Nursing Care Plan for Arterial Disorders
Disorders of the arteries, which are the vessels that are responsible for delivering oxygenated blood to the body. This includes Peripheral Arterial Disease, which is chronic occlusion of the arteries in the lower extremities leading to decreased oxygen supply. Another form is Raynaud’s disease, which occurs when small arterioles in the hands vasospasm and prevent blood flow. The third is Buerger’s disease which is an inflammatory disease of the medium to small arteries and veins of the arms and legs. In this condition, microthrombi form which can lead to vasospasm and occlusions.
The most common cause of peripheral arterial disease is atherosclerosis. Raynaud’s can be secondary to atherosclerosis, lupus, or rheumatoid arthritis and can be triggered by cold or stress. The cause Buerger’s disease isn’t exactly known, but there is a link to genetics as well as tobacco use
To allow for proper blood flow to the extremities and prevent long-term complications like necrosis or the loss of fingers, toes, etc.
Arterial Disorders Nursing Care Plan
- Intermittent Claudication
- Pain at rest – awaken from sleep
- Numbness and tingling in extremities
- Hair loss on lower extremities
- Cool, pale skin on extremities
- Triphasic color changes (Raynaud’s)
- Rubor (red)
- Cyanosis (blue)
- Pallor (white)
- Diminished pulses
- Ulceration in extremities
Nursing Interventions and Rationales
- Assess peripheral circulation
- May need to use a doppler to locate peripheral pulses
Arterial disorders affect the arteries that bring oxygenated blood to the tissues. This most often affects the extremities where the vessels are smaller. You may see cool, pale skin, or feel diminished pulses – it’s imperative to monitor peripheral perfusion to prevent necrosis of tissue or the need for amputation.
- Educate patient on smoking cessation
Smoking causes vasoconstriction and is the #1 cause of complications in a patient with arterial disease. Quitting smoking can improve the risk of complications dramatically.
- Educate patient on appropriate levels of activity
- Exercise to the point of claudication, then rest
Intermittent claudication is muscle pain that occurs with a predictable amount of activity and goes away with rest. It is indicative of ischemia to the muscle tissue. The patient should be taught not to exercise past the claudication. They should stop when it occurs and rest until it dissipates.
- Educate patient on avoiding triggers for Raynaud’s
Raynaud’s can be triggered by cold, stress,caffeine, etc. Patients should be taught how to identify those triggers and avoid them whenever possible.
- Assess pain and administer analgesics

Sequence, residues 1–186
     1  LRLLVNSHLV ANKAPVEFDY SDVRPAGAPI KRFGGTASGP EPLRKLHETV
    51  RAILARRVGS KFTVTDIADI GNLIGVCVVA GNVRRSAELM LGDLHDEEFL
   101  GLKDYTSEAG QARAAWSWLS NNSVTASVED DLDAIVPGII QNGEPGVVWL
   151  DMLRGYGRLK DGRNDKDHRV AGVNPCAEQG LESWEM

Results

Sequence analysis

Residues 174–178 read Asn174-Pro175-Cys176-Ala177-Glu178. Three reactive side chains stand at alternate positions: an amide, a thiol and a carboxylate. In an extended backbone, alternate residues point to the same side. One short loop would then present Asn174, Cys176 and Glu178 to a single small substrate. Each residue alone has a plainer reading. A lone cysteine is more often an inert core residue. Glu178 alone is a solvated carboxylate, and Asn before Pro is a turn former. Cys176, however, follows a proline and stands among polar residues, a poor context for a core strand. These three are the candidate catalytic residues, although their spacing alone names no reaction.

Arterial disorders can be very painful because of the ischemia to the tissues. Pain control is important
- Administer medications as ordered
- Calcium Channel Blockers
Vasodilators are given to open up the vessels in the periphery to improve the flow of oxygenated blood.
Calcium channel blockers are given because they act on vascular smooth muscle to prevent vasospasm.
- Prepare patient for surgical intervention
- Bypass grafting
Bypass grafting – a graft is placed to bypass the occluded arterial structure
Angioplasty – a balloon is inserted into the occlusion and inflated to compress plaque and open the narrowed area.
Endarterectomy – the plaque is surgically removed from the inside of the artery
Sympathectomy – nerve endings are dissected to decrease pain sensation in the affected area
Cornell Note-Taking System Instructions:
- Record: During the lecture, use the note-taking column to record the lecture using telegraphic sentences.
- Questions: As soon after class as possible, formulate questions based onthe notes in the right-hand column. Writing questions helps to clarifymeanings, reveal relationships, establish continuity, and strengthenmemory. Also, the writing of questions sets up a perfect stage for exam-studying later.
- Recite: Cover the note-taking column with a sheet of paper. Then, looking at the questions or cue-words in the question and cue column only, say aloud, in your own words, the answers to the questions, facts, or ideas indicated by the cue-words.
- Reflect: Reflect on the material by asking yourself questions, for example: “What’s the significance of these facts? What principle are they based on? How can I apply them? How do they fit in with what I already know? What’s beyond them?
- Review: Spend at least ten minutes every week reviewing all your previous notes. If you do, you’ll retain a great deal for current use, as well as, for the exam.
For more information, visit www.nursing.com/cornell